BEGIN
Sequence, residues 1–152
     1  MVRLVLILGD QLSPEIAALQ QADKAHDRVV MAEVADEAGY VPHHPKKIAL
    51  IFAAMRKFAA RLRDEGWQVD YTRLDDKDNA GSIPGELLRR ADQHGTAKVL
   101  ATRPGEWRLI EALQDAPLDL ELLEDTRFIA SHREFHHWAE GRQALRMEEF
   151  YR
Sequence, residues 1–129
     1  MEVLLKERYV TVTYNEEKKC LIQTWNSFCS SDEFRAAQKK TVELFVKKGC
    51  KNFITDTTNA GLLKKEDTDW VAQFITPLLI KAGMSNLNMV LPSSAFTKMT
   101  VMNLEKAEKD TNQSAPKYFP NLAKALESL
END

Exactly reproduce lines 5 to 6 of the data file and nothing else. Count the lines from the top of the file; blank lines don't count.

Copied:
   151  YR
Sequence, residues 1–129